Plea bargains hold many advantages for actors in the criminal legal system, not just defendants. Prosecutors and judges stand to gain as well.
For judges, a primary incentive to accept plea bargains is to move along their crowded calendars. Most judges simply don't have time to try every case that comes through the door. Prosecutors face similar pressures. Plea bargains may also benefit other parts of the system.
Some criminal cases can take a year or more to process through the trial court. The more cases that go to trial, the more crowded a judge's calendar becomes. Clogged calendars lead to backlogs and speedy trial concerns. Judges need to move cases along to protect the constitutional rights of defendants and all citizens. Every person has a right to access justice. And a seriously clogged calendar delays justice for everyone.
For a prosecutor, the judge's concerns about clogged calendars are the prosecutor's concerns as well. To keep judges happy (and keep the machine rolling), prosecutors must keep cases moving. Prosecutors are, of course, also concerned for their own calendars.
Clogged calendars mean that the prosecutor's staff is overworked. Plea bargains lighten the staff's caseload. Because plea bargains are much quicker and require less work than trials, they are also easier on the prosecutor's budget. With today's cutbacks on already slim resources, prosecutors will have additional time and resources for more important cases if they conclude a large number of less serious cases with plea bargains.
Another benefit to the prosecution is an assured conviction. No matter how strong the evidence, no case is ever a slam dunk. The prosecution may wage a long, expensive, and valiant battle, and still lose the case.
Plea bargains also allow prosecutors to protect government informants. Many informants have criminal records. If a case were to go to trial and the informant were to testify, the defense in many cases could impeach the informant with their past criminal history. But in the context of a plea bargain, the prosecution doesn't have to turn over an informant's criminal history to the defense. (U.S. v. Ruiz, 536 U.S. 622 (2002).)
Plea bargains also allow prosecutors to offer good deals to a defendant who could help them in another case. For instance, they can offer a deal to someone who, though guilty, is prepared to give testimony about a codefendant or help resolve some other unsolved case.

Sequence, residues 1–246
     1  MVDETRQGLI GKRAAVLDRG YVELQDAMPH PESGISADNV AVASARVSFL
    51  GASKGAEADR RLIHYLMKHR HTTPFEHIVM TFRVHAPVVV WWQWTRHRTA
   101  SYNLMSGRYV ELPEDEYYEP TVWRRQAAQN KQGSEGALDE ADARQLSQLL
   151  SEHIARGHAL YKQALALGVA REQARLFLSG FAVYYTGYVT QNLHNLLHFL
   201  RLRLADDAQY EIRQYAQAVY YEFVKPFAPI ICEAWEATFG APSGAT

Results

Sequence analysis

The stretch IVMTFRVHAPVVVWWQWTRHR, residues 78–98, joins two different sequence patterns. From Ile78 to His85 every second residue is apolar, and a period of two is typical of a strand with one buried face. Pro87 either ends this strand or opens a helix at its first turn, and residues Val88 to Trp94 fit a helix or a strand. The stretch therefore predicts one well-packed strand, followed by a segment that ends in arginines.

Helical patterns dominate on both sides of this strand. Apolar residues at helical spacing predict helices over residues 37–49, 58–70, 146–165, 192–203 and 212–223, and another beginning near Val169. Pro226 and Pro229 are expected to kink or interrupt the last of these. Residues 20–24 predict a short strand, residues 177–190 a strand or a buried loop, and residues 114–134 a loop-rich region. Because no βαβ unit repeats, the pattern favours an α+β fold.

Prosecutors may use plea bargains to circumvent laws they either don't agree with or that are very unpopular. For instance, a prosecutor may disagree with laws prohibiting possession for personal use of small amounts of marijuana, so the prosecutor's office may have an unwritten policy of giving all such offenders "offers they can't refuse," such as a $25 fine and 10 hours of community service.
Although more of a benefit to the system as a whole, plea bargains can ease the burdens on local jails (where defendants may be held pending trial) by quickly processing criminal cases and moving convicted defendants to prison or out on probation. A plea bargain can also mean shorter sentences for defendants, which eases the burden on local jails and state prisons housing convicted inmates.
Victims can also benefit from plea bargains, especially when a victim wants to avoid the stress of testifying and facing a perpetrator at a trial. A guilty or no contest plea is quicker and also tends to receive less publicity than a trial.
But not all victims are happy to see cases bargained away. Many victims are dissatisfied when defendants are allowed to enter plea bargains, feeling that the harm they suffered was disregarded and the defendants got off too easily.
As a result of the efforts of victims' rights groups, laws in many states now allow victims to have a say in the plea bargaining process. Some states require that prosecutors consult with victims before entering into plea bargains. In other states, victims have a legal right to come to court and address a judge personally before the judge decides whether to accept a plea bargain. Still, a third possibility for victims in many states is to consult with the probation officer before the officer prepares the presentence reports that often influence a judge's sentencing decision.